Timur Bekmambetov | 110 mins | cinema | 18 / R
Did you see the trailer for Wanted? Did you think the loopy, somewhat Matrix-y stunts — like bending bullets, driving cars into trains, and numerous others — looked cool? Did you want to see more? If the answer to these questions is “yes”, watch the trailer on loop a few times, because 85% of the film’s cool bits are in there.
The trailer is Wanted’s biggest problem by far. Those expecting to suspend their disbelief and be treated to an onslaught of ridiculous-but-cool CGI-aided action trickery may be disappointed, not because it’s not there but because they’ll have already seen all the best bits. Of course, two minutes of trailer can’t cover all of the action present in the film, but it certainly managed to contain most of the flagship moments. Wanted’s other major problem is its pacing. The “Wesley is an ordinary guy with a dull life” opening is stretched thin, the traditional “training montage” is actually most of the second act, and, by the time it’s remembered there was a proper plot too, all you’re left with are a few more recycled plot beats (most notably from a certain popular late-’70s sci-fi sequel). Those points aside, there’s nothing really wrong with the plot — it’s an above-average way of linking the action together.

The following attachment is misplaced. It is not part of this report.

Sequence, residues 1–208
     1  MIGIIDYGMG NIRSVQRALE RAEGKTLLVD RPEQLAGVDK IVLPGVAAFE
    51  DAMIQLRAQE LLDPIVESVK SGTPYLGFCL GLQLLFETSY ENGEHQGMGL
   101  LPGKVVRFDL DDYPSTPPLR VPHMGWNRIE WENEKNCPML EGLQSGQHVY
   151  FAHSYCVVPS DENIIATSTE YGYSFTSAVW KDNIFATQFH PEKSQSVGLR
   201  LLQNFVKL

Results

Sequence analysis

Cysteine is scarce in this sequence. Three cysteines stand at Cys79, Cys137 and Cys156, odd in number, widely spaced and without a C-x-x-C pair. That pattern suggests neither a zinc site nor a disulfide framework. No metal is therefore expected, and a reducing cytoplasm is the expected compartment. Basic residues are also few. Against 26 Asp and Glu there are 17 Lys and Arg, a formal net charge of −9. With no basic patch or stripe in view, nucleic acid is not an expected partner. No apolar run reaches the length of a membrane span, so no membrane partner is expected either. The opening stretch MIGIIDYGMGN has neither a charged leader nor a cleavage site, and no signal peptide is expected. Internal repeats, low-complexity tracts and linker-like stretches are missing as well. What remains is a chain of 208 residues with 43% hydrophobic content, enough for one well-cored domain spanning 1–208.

It’s hard not to recycle in this genre, of course, but the only other place you’re likely to have seen most of the stunts is… the trailer! Ahem — or, Bekmambetov’s pair of Russian fantasy films, Night Watch and Day Watch. The prologue explaining about an organisation that has existed for thousands of years is certainly reminiscent of those films, though here Bekmambetov is stuck with text rather than a full-blooded flashback. Throughout the rest of the film he displays a noteworthy visual flair, and while I’m sure some prefer their action to be done ‘for real’ and not boosted by computers, there’s no way the crazy things he’s imagined could be achieved that way. I have no problem with the use of CGI personally, especially as the ludicrousness of its use here doesn’t pretend to be something it isn’t.
The cast are all better than the material — not that anyone seems particularly bored or underachieving, just that the screenplay doesn’t tax them. Marc Warren is especially underused, with barely a line of dialogue to his name, though he is awarded a particularly gruesome death. While there’s nothing wrong with most of the elements that make up Wanted, then, it’s hard to escape the feeling that you’ve been cheated into paying to see all the stuff you already saw in the trailer with a few other bits slotted in. I spent much of the film presuming it would finish on an open-ended note, as the structure reminded me of films like X-Men and Iron Man: all set-up and origin story, with a perfunctory climax-providing enemy, done with an eye (or, indeed, both eyes) on a sequel. Wanted doesn’t really end that way, which in an age where the franchise is everything is admirable… apart from that the film leading to that ending still feels franchise-friendly.
If you don’t mind your action being computer-aided and as realistic as… well, a comic book… then there’s much to enjoy in Wanted. Except, you already enjoyed most of it in the trailer. Perhaps things will look brighter with a few years’ distance.